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Wires are like spoon stars and the thoughts that surround them


Timothy T. Adams


laid across the floor at a million miles per hour, even if I wasn’t moving. Did we sit, sweet, cheek-to-cheek, listless, buying ourselves brilliant time with all the jewels we could provide? I said I laid it out, I said I laid it all out, pearls and diamonds and rubies, jade and ivory and thyme, I said it and I’ll say it now: it smelled divine and it smelled like crackling popcorn and it smelled like the whole world had lit on fire and was slowly charring until it melted as if in inside of a sweet potato. I said I’ll lay it out but I already said that and I already did that. As if there was anything to do, as if I could just lie back and lay a back into a back and feel two whole cosmic charges explode like red giants combusting, expanding, exposing the inner hydrogen motors that fizzled in fission, edged nude of their inner kitchen. As if that was something, like it would always be something, like there would be a leap and on the other side of the leap would be some final word displaying its beauty to me – all because I laid across the floor a million miles per hour and when a million miles per hour are laid out flat, our lives look like one footprint in a stampede; I can’t even imagine a million miles in an hour because there aren’t a million miles anywhere, anywhere where they could be laid out flat, and an hour – where is that? somewhere in a picture, in a watch-hand cocked to an ear-drum as if we’re all listening for the pattern to reveal itself, to leap and say “I’ll lie down at a rate of myself and then you can pass other things by me or I can pass them or you can simply let me be and I’ll pass by anyway” – did you notice or did I? It was the sensation of quivering gum under a foot, the sensation an oil drum has when you strike it, when you strike a match, when you match two bodies together. Did you lay across the floor a pair of forceps, prepared for birthing? Remember no births happen alone, because it always requires two people to be born. No. No, not the two who conceive, I mean the two of the birther and the birthed. A star is born when it is dying, remember? A new form, laid across the floor. Whatever a floor is. A star combusts and I said it, so what? It was something to say, and it pickled itself in the rarefied air of my eardrum, of your eardrum, like a chrysalis, like thirds of thirds of shards of crystals, wrapped for their next ascension. A star, whipped froth to be named sun, was always the son of something else. I’ll lay it all out, just to make sure of its containment: just to make sure of what all is contained, and it’ll personally prepare itself to be seen this way: a cage of stars, birds warped by the sundial, by the way-we-look-at-sun and by the way-the-sun-doesn’t. Doesn’t what? Appear to look at all. But that’s all based on eyes, eyes are like spoons, clutching without carving.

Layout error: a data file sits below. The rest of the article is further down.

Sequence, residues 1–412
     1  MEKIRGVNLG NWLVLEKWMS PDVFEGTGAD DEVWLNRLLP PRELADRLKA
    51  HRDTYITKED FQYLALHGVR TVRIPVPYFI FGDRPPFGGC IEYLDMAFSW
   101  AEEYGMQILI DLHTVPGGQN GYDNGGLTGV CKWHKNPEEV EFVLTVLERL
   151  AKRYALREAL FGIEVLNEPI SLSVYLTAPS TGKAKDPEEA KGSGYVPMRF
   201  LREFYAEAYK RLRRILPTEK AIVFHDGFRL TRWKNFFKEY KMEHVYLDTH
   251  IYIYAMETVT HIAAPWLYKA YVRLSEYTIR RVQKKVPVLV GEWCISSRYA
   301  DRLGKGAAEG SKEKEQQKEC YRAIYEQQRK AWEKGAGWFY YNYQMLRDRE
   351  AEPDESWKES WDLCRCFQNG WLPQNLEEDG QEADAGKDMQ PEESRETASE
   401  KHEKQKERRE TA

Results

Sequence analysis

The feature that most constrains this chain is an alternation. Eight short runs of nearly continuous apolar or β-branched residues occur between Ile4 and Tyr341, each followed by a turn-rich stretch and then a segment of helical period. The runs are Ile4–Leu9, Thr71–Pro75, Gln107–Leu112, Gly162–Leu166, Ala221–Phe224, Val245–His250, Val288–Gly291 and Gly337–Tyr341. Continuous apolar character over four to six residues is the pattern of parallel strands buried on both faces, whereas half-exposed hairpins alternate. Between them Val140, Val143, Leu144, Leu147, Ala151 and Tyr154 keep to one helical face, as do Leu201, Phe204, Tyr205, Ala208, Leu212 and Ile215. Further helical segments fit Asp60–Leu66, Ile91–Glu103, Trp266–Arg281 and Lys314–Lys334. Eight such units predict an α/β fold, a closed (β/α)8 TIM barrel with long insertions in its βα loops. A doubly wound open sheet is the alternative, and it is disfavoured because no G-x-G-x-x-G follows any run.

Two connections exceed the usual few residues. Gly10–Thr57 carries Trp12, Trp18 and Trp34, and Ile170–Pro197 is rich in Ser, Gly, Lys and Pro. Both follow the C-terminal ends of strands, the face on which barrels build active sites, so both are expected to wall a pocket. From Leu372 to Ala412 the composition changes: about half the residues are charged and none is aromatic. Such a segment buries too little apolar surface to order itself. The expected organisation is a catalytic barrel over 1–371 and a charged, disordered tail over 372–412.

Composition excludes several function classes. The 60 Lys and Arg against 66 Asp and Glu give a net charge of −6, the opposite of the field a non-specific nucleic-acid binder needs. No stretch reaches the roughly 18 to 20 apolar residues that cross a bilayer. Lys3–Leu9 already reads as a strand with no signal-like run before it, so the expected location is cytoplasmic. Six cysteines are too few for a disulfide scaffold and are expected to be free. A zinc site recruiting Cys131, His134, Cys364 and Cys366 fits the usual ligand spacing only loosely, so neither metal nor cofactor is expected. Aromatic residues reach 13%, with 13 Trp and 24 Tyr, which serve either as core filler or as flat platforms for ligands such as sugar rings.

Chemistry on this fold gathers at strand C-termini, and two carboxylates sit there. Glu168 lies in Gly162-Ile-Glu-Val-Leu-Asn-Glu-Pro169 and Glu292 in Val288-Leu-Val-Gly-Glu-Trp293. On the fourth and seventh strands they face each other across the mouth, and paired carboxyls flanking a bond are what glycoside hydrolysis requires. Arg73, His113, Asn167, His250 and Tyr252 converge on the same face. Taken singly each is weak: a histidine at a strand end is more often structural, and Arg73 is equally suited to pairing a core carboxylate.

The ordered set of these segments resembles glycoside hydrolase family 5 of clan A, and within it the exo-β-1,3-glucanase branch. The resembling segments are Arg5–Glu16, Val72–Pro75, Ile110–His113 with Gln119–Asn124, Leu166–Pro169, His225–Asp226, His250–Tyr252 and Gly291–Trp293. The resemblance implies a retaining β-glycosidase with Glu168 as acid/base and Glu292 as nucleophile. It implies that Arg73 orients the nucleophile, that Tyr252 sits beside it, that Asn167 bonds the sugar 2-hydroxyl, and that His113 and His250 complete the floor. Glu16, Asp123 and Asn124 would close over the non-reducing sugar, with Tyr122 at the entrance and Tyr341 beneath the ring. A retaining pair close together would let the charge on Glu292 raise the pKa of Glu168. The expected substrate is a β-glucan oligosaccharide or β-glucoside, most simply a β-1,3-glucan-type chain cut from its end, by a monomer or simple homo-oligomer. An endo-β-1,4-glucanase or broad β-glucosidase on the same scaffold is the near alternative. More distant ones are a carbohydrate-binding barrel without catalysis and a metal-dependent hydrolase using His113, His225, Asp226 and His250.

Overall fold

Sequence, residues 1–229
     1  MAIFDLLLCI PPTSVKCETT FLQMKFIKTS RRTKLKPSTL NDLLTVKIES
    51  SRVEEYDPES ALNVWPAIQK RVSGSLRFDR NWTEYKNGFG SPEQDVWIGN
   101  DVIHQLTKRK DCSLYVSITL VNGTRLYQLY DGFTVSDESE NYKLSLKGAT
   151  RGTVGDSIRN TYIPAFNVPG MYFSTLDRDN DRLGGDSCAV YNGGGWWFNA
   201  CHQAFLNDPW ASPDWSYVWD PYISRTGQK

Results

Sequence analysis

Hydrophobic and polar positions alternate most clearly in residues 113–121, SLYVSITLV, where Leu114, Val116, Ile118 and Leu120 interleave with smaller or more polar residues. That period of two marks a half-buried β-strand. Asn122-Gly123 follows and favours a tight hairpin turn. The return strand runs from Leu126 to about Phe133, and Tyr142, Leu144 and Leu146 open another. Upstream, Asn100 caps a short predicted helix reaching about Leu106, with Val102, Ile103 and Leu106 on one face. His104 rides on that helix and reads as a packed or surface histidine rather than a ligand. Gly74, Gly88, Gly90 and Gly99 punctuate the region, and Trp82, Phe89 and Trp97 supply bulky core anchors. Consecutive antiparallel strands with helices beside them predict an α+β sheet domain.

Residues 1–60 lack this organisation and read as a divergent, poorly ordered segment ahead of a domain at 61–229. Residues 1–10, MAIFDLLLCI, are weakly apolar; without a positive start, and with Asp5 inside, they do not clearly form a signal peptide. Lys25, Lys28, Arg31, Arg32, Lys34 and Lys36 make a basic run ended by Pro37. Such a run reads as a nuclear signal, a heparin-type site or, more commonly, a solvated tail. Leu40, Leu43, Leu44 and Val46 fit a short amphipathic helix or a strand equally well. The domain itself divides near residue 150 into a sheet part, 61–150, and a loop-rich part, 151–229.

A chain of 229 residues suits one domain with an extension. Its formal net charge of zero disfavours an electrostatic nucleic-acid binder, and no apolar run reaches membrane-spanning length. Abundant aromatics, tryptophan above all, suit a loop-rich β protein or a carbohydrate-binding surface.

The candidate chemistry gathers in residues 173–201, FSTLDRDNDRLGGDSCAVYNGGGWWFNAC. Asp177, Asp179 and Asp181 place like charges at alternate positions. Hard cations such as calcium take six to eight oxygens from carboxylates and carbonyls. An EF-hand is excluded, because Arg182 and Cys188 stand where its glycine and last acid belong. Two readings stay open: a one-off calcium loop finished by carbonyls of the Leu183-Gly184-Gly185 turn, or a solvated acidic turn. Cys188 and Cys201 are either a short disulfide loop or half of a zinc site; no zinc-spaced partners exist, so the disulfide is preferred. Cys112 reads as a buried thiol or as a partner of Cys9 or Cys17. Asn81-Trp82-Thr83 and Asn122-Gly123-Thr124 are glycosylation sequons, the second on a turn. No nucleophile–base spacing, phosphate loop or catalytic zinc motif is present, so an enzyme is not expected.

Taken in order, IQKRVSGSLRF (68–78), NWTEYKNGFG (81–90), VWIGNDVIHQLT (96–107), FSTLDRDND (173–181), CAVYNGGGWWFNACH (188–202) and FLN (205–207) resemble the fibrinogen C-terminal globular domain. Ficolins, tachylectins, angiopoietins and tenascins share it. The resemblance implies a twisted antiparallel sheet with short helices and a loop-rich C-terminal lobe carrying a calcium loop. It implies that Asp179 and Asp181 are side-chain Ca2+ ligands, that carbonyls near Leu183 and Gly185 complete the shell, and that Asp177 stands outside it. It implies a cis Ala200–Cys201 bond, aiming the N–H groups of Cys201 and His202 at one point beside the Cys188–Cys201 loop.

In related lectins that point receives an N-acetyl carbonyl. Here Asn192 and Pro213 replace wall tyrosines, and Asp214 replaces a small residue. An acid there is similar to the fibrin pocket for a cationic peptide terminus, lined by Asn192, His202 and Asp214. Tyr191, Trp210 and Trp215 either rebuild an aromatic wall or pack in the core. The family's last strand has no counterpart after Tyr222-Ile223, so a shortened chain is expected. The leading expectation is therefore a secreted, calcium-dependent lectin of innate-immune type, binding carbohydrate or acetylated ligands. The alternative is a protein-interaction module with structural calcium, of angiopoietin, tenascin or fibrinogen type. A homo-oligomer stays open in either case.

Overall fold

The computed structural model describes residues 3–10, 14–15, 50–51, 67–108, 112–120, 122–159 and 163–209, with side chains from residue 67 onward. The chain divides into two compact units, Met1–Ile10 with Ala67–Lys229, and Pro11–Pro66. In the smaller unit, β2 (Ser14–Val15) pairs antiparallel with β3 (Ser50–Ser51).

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Issue 17


September 22, 2017

Timothy sculpts poems, prose, stories, plays, and other living word forms. He has performed his plays in multiple venues in New Orleans, had work published by Bottlecap Press, Clockwise Cat, Tupelo Press, Crack The Spine, and self-published multiple works of prose poetry. Driven by dreams, and by the intersecting of chaos and structure. He is interested in the arrangements of spider webs, and what threads hang from them: threads of silk, threads of time? Investigations of this and other varieties can be found at

i dont feel like fininishing this website right now and i am sorry

Some will love your dick,

because it works well for all

the sex acts they like.

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Issue 17

This writing was originally published in Opium Magazine, and is not listed in the archives.
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